A Review of Dreamlives of Debris by Lance Olsen

::: SAINT THOMAS AQUINAS SONG

Strictly speaking, I mean to inquire: is the labyrinth a plan for a prison, or the instructions for a dance?

Published by Dzanc Press in 2017, Dreamlives of Debris by Lance Olsen is a 6×6 labyrinth. Had Daedalus been a wordsmith above all, then this is something he might have concocted. Pages unnumbered, the only guide you have is the words, as unreliable or outright delectably convoluted as they are, beguiling even. 6×6, with a single inch of width, yet like any labyrinth worth its weight in wonder and wander, it’s bigger on the inside than the outside.

Olsen’s Medusa-headed muse is, in fact, the labyrinth as puzzle, as symbol, as all. At the center of this labyrinth, while also being the labyrinth itself, is a girl named Debris instead of a familiar minotaur, or, as her mother affectionately and somewhat creepily calls her, “My Little Duration,” because she had lived past the expiration date of whatever type of golem she is, reaching the Christian-significant age of 33.

What adds to the temporal depth of this book, the moral depth too, is the structural inclusion of what is by now Olsen’s trademark: the narraticule. Chapters are mostly a page long, often no longer than a couple of lines, sometimes a single sentence. In addition, Olsen includes anachronistic quotes from the most varied sources, making this a collage novel, and thus the words and voices range from the boilerplate novelist Danielle Steel to the WikiLeaking computer intelligence consultant Edward Snowden. Aside from adding to the maze effect of the reading experience, these excerpts create a kind of cacophonic chorus, hence every narraticule chapter that isn’t Debris is referred to as a song.

This Daedalian construction puts a modern spin on an otherwise age-old tale, modern and post-modern and pre-modern and mid-modern too: universal. The effort and overall effect are reminiscent of Anne Carson’s Autobiography of Red, an ostensible novel in verse inspired by “Geryoneis.” Lo and behold, one of two epigraphs in Olsen’s novel is from the Greek lyric poet Stesichorus himself, whose work is mostly extinct rather than extant: “The sound of the horses like roses being burned alive.” What an amazing simile that could very well echo the future in the form of Dalí’s particular brand of searing surrealism. Like Carson, Olsen every now and then gives his own similes and metaphors in this evocative vein, such as: “…the dying of his skin sounded like a field shrouded in locusts.” I also loved when death is referred to as “the umber inevitable.”

Whereas Carson creates a new (arguably too modern) myth out of a forgotten one, Olsen creates a new one out of a tired one, assuming anyone can tire of such titillating tales. With Olsen on the scene, we don’t need to wait around to discover such potential disappointments, an author who joins the ranks of other labyrinth lovers, including Mark Z. Danielewski and the great Jorge Luis Borges (who appears briefly in the novel’s chorus).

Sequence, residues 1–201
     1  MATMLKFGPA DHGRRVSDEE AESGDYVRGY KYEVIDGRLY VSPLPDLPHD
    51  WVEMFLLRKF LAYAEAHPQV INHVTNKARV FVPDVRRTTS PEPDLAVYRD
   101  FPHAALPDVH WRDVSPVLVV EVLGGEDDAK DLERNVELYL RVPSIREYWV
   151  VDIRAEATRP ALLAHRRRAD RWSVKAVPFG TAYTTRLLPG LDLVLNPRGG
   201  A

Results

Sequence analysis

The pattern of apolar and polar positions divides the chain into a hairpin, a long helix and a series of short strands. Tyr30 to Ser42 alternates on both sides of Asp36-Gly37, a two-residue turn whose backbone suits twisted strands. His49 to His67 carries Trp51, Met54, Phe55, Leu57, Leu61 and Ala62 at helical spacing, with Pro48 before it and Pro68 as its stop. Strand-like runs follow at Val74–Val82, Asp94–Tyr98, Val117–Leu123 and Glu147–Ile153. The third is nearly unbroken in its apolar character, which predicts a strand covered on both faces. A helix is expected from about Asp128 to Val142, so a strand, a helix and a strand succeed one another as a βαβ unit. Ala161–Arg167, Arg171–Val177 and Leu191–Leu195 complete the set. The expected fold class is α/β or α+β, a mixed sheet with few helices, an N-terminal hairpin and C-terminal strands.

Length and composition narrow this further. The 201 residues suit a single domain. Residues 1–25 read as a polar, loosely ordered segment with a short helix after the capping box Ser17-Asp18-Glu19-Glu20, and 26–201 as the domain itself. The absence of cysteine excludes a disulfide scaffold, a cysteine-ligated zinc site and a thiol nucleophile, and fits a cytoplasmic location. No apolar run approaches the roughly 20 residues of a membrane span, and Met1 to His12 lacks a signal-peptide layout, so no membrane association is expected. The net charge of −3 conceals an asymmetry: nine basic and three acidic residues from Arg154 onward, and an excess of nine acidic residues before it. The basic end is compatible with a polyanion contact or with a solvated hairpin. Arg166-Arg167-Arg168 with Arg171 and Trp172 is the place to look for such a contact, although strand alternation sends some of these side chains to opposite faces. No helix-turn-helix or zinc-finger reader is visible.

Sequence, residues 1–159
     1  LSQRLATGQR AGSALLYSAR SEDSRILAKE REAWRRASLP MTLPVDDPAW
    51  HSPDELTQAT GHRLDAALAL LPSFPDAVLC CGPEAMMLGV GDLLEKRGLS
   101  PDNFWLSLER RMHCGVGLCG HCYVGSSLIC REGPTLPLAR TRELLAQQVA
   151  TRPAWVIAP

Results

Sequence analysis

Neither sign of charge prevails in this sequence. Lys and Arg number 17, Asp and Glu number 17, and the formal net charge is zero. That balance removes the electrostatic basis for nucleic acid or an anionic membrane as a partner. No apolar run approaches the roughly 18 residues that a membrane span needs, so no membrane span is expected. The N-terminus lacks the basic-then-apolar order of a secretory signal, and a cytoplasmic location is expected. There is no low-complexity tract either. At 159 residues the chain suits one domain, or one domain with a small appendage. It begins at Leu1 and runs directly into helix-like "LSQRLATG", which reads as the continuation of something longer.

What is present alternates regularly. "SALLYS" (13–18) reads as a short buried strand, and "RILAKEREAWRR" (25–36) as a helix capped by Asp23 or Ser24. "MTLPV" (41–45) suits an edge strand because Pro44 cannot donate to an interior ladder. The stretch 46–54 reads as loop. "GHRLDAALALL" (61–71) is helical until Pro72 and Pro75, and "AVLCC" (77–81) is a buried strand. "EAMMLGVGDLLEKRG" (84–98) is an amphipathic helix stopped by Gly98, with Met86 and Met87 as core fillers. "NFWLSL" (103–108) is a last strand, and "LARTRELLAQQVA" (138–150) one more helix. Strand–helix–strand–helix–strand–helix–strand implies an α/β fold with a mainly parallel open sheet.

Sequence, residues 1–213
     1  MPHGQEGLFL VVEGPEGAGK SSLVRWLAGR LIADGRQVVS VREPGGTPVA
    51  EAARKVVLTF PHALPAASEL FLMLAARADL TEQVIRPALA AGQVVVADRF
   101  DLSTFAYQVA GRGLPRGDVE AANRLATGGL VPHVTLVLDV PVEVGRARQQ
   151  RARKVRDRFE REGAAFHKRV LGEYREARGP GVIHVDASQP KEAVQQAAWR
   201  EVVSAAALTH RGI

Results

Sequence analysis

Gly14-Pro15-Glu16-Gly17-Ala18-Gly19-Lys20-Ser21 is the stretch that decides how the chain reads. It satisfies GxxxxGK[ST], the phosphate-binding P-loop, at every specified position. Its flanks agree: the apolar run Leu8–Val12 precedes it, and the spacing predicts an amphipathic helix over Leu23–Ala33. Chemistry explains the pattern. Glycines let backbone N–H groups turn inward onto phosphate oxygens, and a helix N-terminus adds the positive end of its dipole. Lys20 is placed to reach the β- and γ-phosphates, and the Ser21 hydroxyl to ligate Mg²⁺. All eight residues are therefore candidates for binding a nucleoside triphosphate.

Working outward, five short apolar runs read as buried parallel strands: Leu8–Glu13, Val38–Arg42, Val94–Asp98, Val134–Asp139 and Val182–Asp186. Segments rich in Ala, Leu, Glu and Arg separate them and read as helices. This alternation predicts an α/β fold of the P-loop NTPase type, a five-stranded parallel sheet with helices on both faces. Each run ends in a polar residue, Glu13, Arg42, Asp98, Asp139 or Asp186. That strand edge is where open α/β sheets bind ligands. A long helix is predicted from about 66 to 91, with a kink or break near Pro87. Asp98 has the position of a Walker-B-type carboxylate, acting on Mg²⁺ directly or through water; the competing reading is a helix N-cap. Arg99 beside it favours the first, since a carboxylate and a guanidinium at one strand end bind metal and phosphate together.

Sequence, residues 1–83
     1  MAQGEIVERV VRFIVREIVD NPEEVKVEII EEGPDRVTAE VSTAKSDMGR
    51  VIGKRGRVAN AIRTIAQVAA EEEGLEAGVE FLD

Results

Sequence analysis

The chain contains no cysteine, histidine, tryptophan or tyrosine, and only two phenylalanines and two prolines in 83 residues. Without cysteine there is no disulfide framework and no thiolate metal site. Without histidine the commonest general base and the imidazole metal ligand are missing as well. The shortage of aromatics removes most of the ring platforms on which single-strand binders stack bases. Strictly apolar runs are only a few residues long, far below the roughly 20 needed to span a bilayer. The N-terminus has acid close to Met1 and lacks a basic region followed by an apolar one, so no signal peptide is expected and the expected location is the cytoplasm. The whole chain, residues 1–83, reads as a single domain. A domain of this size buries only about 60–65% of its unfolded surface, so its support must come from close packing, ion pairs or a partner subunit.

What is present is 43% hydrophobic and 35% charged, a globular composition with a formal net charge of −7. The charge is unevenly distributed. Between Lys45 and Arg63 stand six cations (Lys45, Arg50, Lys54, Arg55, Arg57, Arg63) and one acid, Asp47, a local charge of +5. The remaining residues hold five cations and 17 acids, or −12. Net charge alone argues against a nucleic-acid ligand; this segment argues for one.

As we slide further into the dreamlives of Debris, who seems to be the recipient if not the flooded fount for all these voices, we encounter iconic characters of Greek myth as well, including Daedalus, his falling offspring Icarus, Apis the Healer, and Theseus of course. Let’s take a moment to appreciate the invigorating plummet of Icarus when Olsen describes how the boy’s hands are “raking sunlight — shredded wings coming apart in mid-flight — a miniature cloud of gray-white commas….” Yes, commas, for the stuff of printed story is part of the debris too, all elements of a dying alphabet even as Olsen gives it new life.

The novel ends with an utter reversal of expectations: Debris following the snipped thread of Theseus’ clew, presumably ending in his chewing by the jaws of the girly ogre. Simply put, everything is malleable, from the sense of Debris’ identity to the structure of her very heart. Childhood, maturity, deceit, the consequences of invention, the nature of reality, etc.—these themes and others are immense, if not infinite, so this reader wished for a book that went beyond its one inch of width despite the admirable depth it reaches in so relatively shallow a leaf bundle. Still, as an example of minimalism in particular, like Head in Flames (an earlier Olsen effort), it’s a noteworthy and time-worthy accomplishment.

I interviewed Lance Olsen here.

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George Salis is the author of Sea Above, Sun Below. His fiction is featured in The DarkBlack DandyZizzle Literary MagazineHouse of ZoloThree Crows Magazine, and elsewhere. His criticism has appeared in IsacousticAtticus Review, and The Tishman Review, and his science article on the mechanics of natural evil was featured in Skeptic. He is currently working on an encyclopedic novel titled Morphological Echoes. He has taught in Bulgaria, China, and Poland. Find him on FacebookGoodreadsInstagramTwitter, and at www.GeorgeSalis.com.

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